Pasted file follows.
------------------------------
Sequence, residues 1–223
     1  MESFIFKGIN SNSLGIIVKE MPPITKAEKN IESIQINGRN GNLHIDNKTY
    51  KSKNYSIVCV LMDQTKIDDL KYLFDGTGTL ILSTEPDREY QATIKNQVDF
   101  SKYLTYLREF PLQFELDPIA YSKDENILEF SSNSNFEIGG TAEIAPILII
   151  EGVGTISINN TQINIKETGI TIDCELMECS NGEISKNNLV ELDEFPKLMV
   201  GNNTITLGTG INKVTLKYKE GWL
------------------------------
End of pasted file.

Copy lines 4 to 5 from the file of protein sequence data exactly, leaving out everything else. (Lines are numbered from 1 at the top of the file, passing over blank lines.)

   101  SKYLTYLREF PLQFELDPIA YSKDENILEF SSNSNFEIGG TAEIAPILII
   151  EGVGTISINN TQINIKETGI TIDCELMECS NGEISKNNLV ELDEFPKLMV